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XL2-B&W


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#1 Tugce Sen

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Posted 21 February 2007 - 01:09 PM

Hi,

After having some experiences as a student for my class projects, I have decided to shoot my first short film; I worked on its script very hard and it looks it has done.
I am planning to use Canon XL2 since I had experiences with it. I am a fan of Jim Jarmusch movies, and also like deadpan cinema a lot. My film will be black and white, highly contrast to get close feeling to Film Noir. First, I was planning to shoot in black and white but then I decided to do it in post production; in Final Cut.
However, my question is, while shooting the film in color, what do I have to do differently that can help me in post production for b&w.

Thanks
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#2 Jack Barker

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Posted 21 February 2007 - 01:53 PM


Be very careful in your selection of wardrobe and location color selection. I guess you need to "audition" what your talent is going to wear. A jacket that is grey over a shirt that is some other mid-color will end up the same tone in black and white and may look washed out and uninteresting, especially if they are going to be shot in a light, or mid-color location. If you are going for a contrasty look (and what noir isn't), go with combinations of dark and light colors for clothing, unless you deliberately decide to have characters (extras, for example) fade into the background.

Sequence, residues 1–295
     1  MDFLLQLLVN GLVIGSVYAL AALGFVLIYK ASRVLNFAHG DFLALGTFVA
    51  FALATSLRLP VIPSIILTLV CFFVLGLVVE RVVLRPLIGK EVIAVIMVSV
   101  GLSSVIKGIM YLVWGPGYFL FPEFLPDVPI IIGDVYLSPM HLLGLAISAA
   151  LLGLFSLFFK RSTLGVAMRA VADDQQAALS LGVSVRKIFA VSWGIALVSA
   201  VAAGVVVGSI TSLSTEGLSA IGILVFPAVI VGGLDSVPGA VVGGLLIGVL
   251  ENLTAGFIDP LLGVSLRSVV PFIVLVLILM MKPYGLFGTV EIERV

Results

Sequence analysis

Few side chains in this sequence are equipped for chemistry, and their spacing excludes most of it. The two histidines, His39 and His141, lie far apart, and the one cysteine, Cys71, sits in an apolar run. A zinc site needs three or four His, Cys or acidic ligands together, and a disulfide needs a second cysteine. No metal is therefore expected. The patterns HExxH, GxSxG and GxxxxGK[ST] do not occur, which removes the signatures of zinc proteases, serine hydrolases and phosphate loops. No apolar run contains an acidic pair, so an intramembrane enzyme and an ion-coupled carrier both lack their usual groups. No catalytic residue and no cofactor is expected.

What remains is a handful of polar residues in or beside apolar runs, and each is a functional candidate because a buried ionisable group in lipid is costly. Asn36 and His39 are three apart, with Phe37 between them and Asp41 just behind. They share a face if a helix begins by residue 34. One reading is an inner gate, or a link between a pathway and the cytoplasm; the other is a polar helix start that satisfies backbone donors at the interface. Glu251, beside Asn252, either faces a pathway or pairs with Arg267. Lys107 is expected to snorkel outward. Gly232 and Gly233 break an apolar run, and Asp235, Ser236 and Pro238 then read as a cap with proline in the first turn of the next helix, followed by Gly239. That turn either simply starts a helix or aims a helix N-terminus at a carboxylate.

Try and use cookies (cucoloris) to good effect. I don't think I have ever seen any Noir film without at least one "venetian blind shadow" on the wall behind the talent. You can make you own cookies easily and cheaply using sheets of foam-core board available at Office Depot and the like, and simply cutting you random shapes, or venetian blind slats with a razor knife. I recommend using the black foam core boards to minimize any potential for reflecting unwanted light into other parts of your set.

And by the way, what is "deadpan cinema"?


Edited by Jack Barker, 21 February 2007 - 01:54 PM.

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#3 Tugce Sen

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Posted 21 February 2007 - 02:27 PM

Thank you for your help, I will keep them all in my mind:)


Film noir is all about style with its different camera angles, dense shadows, high-contrast black and white, and also with with its high-contrast shadow, etc...

And, Aki kaurismaki might be the best example for deadpan cinema, and also Jim Jarmusch.

Thanks again
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